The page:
By Barnard’s twenty-fifth anniversary in 1914, the 45-person instructional staff included 5 women of faculty rank:
Marie Reimer (1903-1945), Associate Professor of Chemistry
Margaret E. Maltby (1900-1931), Assistant Professor of Physics
Gertrude M. Hirst (1901-1943), Assistant Professor of Classics
Ida H. Ogilvie (1903-1941), Assistant professor of Geology
Mabel Foote Weeks (1907-1939), Assistant Professor of English
Only one woman of faculty rank had come and gone. This was the settlement house leader Mary K. Simkhovitch, who was appointed adjunct professor of sociology in 1907 but resigned in 1910. Men chaired all but three of the College’s fifteen departments, the exceptions being Margaret Maltby, chair of physics, Marie Reimer, chair of chemistry, and Ida H. Ogilvie, chair of geology. All three women were accomplished scientists as acknowledged by their inclusion successive editions of James McKeen Catell’s American Men of Science. 
These three scientists also reflect a discernible pattern of gender differentiation: women who joined the Barnard faculty generally stayed, while half the men who did so eventually moved on, some by transferring to Columbia and others by being hired elsewhere. With no possibility of transferring to the all-male Columbia faculty (its first female appointment occurred in 1938 and the first transfer of a Barnard woman faculty member to Columbia in 1949) and with few other academic institutions hiring women faculty — even most women’s colleges preferred men — Barnard’s women faculty were occupationally stuck.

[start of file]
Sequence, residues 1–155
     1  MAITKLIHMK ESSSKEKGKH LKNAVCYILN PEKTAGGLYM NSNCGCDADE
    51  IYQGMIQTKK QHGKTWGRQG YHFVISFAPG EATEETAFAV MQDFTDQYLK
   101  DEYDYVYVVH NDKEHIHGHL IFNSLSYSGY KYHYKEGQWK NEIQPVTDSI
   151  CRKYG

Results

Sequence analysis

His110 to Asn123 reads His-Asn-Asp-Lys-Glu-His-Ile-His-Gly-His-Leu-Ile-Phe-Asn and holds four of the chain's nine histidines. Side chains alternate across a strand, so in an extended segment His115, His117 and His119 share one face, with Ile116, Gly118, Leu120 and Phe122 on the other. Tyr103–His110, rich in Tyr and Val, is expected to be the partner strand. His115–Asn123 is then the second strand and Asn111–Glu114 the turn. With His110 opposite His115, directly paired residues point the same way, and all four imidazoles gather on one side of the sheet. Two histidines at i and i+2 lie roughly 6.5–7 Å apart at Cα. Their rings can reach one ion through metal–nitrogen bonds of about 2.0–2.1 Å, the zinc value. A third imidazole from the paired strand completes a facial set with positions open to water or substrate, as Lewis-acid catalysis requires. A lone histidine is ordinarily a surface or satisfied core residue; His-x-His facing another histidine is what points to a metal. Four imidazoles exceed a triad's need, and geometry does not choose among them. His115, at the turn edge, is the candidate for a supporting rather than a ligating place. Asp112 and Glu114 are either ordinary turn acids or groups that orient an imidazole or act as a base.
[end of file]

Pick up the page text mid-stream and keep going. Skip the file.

The effect of these gender-differentiated career trajectories became even more evident in the next decade. By 1925 Barnard’s instructional staff had grown to 85, with just over half of them women. Men, however, held three-quarters of the faculty-rank positions and all but one of the 22 full professorships. Still, the increased presence of women in the lower faculty ranks and their three-to-one majority among the sub-faculty ranks suggested, to some observers, that if left to its own devices, the Barnard faculty was on its way to becoming all-female. Unless checked by administrative action, Barnard’s faculty seemed equally at risk of inundation as its student body, only here it was not the threat of city ethnics driving away country WASPs but female academics outlasting their male counterparts. And if so, who better to address this “problem” of excess women faculty than a dean already addressing that of excess New Yorkers? 
One difference between the two “problems” was that Dean Gildersleeve was later more willing to discuss the second than the first. “How many women teachers should we have at Barnard? That was a puzzling problem,” she recalled in her autobiography. She then specified the “problem.”
When I was an undergraduate , there were none [women teachers] except one able lecturer